Leica M3 Review – The Ultimate Rangefinder Camera!?
Buying a Leica M3.. Where it started!
Fuji GF670 Rangefinder Camera
As a follower of this blog you will know I am a Leica M9 35mm digital rangefinder shooter. I recently decided to search for a camera one step closer to ‘perfection’ in terms of rangefinder cameras so invested in a Fuji GF670 Pro medium format film rangefinder (6×6 / 6×7 format). A folding camera with a medium format size sensor and a super sharp lens. It produces beautifully big 6×6/ 6×7 negatives with tonnes of detail when scanned. It is portable and I can use it will off camera strobes with a leaf shutter sync speed of 1/500. I thought it was pretty cool.
Leica M3 Film Camera
I then bought a 1950s Leica M3 35mm film rangefinder with a 0.91x viewfinder. It looks near identical to my Leica M2 and for the most part all the benefits are the same for the M2 and the M3. The biggest plus of the M3 is the viewfinder. I have a lot of cameras and it is without doubt my favourite viewfinder of any camera. Big clear and bright with easy to see 50mm framelines and nothing else cluttering the view. I paired the M3 with a Leica Summicron 50mm f2 v5 lens with a E39 filter thread.
Leica M3 vs Fuji GF670 Wedding
This weekend I had a Leica wedding here in the UK and offered the couple the option of some film photography in addition to digital Leica M9 images. They were interested and purchased the film photography wedding package option so I took the Fuji GF670 loaded with colour 120 Fuji Pro 400H film and then the Leica M3 loaded with black and white 35mm film, Kodak T-Max 100.
Leica M3 Review vs Fuji Gf670
I didn’t let the three cameras (Leica M9 + Leica M3 + Fuji GF670) distract me from the wedding photography task so waited and brought them out for the wedding portrait images (plus a few bridal prep shots). I then had to chose when to shoot colour and when B&W film, and when 6×6 format and when 6×4 35mm format. What I noticed straight away was the little Leica M3 fitted my hand like it was made to go there. Using the M3 was intuitive and felt natural (possible because I have used the M9 so much!). I was using natural light with the M3 but off camera speedlight for some of the GF670 shots. It made me realise that sometimes you don’t need all the fancy lights, big lenses, and larger camera sensors, I just needed the little M3, the 50mm Summicron and some available light. The Leica M3 is fast and is kind of an extension from your arm / eyes. No fuss, no electronics, just beautifully pure photography. By keeping the setup simple the Leica M3 photos flowed, the wedding couple forgot the camera and the natural poses and relaxed smiles followed. (This was quite an achivement as both the bride and groom really didn’t like being in front of a camera).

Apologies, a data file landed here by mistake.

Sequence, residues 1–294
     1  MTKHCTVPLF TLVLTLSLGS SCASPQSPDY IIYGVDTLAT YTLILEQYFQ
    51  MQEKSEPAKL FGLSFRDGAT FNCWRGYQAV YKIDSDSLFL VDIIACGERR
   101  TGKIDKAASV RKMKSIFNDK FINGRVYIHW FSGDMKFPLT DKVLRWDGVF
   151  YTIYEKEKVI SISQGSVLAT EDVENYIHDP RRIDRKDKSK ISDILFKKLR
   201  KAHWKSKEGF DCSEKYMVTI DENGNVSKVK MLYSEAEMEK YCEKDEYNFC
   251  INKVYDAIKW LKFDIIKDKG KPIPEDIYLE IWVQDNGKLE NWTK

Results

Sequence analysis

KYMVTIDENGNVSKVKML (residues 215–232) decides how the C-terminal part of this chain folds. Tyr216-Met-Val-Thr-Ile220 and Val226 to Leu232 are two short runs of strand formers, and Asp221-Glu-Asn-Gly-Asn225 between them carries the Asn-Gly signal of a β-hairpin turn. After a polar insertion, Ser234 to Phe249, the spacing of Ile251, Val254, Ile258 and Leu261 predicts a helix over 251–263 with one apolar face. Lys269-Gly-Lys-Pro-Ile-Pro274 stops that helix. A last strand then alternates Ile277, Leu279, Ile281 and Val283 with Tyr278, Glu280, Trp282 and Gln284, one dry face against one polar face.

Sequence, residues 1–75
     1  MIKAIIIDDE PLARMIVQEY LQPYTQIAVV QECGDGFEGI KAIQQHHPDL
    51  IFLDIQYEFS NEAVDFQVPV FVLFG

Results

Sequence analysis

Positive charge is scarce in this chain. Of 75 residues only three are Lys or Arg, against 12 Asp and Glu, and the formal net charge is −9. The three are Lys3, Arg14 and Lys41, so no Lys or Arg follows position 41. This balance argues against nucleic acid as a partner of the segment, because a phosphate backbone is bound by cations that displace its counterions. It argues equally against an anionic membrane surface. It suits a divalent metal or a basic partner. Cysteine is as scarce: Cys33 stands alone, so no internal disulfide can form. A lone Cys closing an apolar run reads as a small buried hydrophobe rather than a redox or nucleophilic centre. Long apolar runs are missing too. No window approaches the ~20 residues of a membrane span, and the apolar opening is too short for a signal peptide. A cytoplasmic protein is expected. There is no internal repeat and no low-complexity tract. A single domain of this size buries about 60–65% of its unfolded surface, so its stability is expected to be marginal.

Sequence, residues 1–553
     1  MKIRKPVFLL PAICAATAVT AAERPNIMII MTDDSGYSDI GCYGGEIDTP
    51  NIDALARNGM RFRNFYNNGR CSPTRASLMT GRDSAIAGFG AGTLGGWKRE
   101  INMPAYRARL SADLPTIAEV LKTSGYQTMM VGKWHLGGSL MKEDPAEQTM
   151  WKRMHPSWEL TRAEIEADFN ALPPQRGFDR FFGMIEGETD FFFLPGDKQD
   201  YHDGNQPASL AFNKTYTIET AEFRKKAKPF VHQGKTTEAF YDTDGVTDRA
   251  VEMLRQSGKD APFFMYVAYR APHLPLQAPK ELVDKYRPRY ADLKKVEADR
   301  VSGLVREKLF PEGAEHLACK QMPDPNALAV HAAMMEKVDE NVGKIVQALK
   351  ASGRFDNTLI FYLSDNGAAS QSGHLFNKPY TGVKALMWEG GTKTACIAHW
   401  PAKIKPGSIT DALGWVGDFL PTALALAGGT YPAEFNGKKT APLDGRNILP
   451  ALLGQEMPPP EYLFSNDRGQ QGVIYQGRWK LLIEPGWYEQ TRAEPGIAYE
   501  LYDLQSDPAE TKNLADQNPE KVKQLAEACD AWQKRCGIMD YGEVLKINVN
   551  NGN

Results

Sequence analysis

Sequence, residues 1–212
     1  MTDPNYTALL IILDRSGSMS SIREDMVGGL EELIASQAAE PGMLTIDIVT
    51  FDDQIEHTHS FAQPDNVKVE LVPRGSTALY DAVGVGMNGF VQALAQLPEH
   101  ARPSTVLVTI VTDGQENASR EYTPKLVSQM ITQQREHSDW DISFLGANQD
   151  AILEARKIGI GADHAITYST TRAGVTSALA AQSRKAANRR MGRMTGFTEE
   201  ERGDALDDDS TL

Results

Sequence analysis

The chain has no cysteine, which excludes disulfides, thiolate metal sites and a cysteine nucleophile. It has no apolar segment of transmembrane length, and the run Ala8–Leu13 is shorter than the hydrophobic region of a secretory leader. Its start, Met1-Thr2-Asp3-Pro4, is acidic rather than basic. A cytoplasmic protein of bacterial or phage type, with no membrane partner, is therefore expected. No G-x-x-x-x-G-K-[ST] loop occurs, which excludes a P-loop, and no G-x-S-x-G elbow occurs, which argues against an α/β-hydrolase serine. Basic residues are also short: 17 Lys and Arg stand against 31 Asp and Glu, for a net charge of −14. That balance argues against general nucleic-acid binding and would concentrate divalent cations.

A “cute” elegant vintage film camera is far less scary than a big DLSR with a 70-200mm lens stuck on the front. The little M3 actually became a talking point and was a welcomed sight for a number of the wedding guests.
All the above “keep it simple” advantages also apply to my Leica M2 if I used a 35mm lens with the 35mm viewfinder. I have used the Leica M2 this year for various model shoots.
I wasn’t expecting the Leica M3 to have such an impact but it is letting me appreciate photography in the simplest form. I can transfer this mentality into the rest of my photography such as using the M9 with one small lens. It has also let me evaluate how I shoot and how I will approach future weddings when shooting film.
I’m sure I will have a lot more rave reviews to follow for the Leica M3 and more example images too but my review so far is it is a fantastic camera and my new number one favourite camera of all the 35mm and medium format cameras I own. The viewfinder is just magical! 🙂
Model photography sample images
Fuji GF670 Portrait Images
Leica M2 Portrait Images
Leica M3 Portrait Images
..Don’t get me wrong. The Fuji GF670 can produce stunning negatives but you just don’t get the same enjoyment you get with the Leica M3 when operating the camera.
9 thoughts on “Leica M3 Review (The Best Leica Camera Ever?)”
I really enjoyed reading this post Matt, and the images are lovely.
Hi Lyn, many thanks for the kind words! 🙂
Matt, great post, I thought you’d be smitten be the M3. It was voted best gadget of all time by Stuff Magazine (of all people lol). Karen Nakamura has a good write-up on the M3 here http://www.photoethnography.com/ClassicCameras/LeicaM3.html
Looking forward to seeing your images.
Congrats for your great blog! I discovered it seraching about Rodinal Stand….
I really love your results, expecially those with Leica M2 above.
I see you used 1:150.
Could you please tell me the minimum requirement for 35mm & 120 rolls (e.g. is 2ml rodinal:300 ml water enough for 35mm)?
Another question: Did you ever print some of those negatives? How do perform for wet printing?
Sorry for the delayed reply. I make up 1 litre at 1:150 using 7ml to develop two rolls of film. In the past I have made up 600ml to develop one roll. It is safer to make slightly more solution than needed. I had problem in past where solution was insufficient to cover all the film so every photo was 2/3 developed only (the amount covered).
To answer your question I have never tried 2ml/ 300ml. I have not yet done any wet prints as I do not have the equipment, sorry.
Think I’ll try your diluition soon… 😉
Spectacular photos, sir. You are very talented.
Thanks iamamro! 🙂
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